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Coping with an Undersea Mud Volcano in Java

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Muddy Justice

Undersea volcanic eruptions can be spectacular. When water, steam and gas heated to 100 degrees break surface great clouds soar upwards. Prolonged eruptions over a wide area can produce new land mass such as Iceland. After the inhabitants managed to harness the geothermal energy resource under their feet, they could heat their homes and warm public mineral baths without harmful emissions. The geothermal activity raised steam to drive electric turbines.

Less fortunate was the village of Sidoarjo in East Java. In May, 2006, the volcano they call LUSI erupted to spew about 50,000 cubic meters of toxic mud every day much of it deposited as mud flows over the landscape. These flows now have spread over 7 square kilometers displacing 30,000 local people. So far, the estimated damages total $3.5 billions.

The origin of LUSI is the subject of controversy. Some experts claim it was a natural disaster. LUSI lies on a fault line subject to various upheavals. Fault lines follow the coincidence of tectonic plates far beneath the earth's surface. Each plate moves very slowly, but it can be the size of a continent. The fantastic weight can build tremendous pressure at the plate junctures. A slight movement can release mountains of molten lava from below the plates. LUSI's eruption threw sea mud into the air.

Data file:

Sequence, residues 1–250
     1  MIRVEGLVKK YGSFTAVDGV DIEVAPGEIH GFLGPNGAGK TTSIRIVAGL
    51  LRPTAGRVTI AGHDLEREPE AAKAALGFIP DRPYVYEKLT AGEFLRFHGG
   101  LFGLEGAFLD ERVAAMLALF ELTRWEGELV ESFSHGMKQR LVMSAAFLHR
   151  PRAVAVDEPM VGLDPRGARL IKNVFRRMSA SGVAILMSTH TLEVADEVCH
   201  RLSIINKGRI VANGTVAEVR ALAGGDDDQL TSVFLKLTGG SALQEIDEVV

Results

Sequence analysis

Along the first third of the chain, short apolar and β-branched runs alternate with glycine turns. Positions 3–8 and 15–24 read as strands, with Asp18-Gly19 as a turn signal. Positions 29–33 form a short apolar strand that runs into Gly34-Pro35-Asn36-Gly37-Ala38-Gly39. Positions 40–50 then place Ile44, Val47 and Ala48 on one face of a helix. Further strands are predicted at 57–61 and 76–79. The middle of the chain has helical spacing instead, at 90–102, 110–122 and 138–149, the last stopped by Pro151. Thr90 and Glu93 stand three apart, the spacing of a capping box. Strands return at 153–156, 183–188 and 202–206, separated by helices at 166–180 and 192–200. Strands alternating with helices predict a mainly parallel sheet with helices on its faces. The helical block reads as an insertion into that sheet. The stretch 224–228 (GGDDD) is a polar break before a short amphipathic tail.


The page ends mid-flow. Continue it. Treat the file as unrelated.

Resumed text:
Others say that an earthquake of magnitude 6.3 relates to LUSI. It hit the south coast of Java just two days before the LUSI eruption began. It killed more people than the eruption over 6200 and displaced 1.5 million. The earthquake could have been a trigger for the mud volcano's eruption.

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Born a month before Pearl Harbor, I attended world events from an early age. My first words included Mussolini, Patton, Sahara and Patton. At age three I was a regular listener to Lowell Thomas. My mom was an industrial nurse a member of the (more...)
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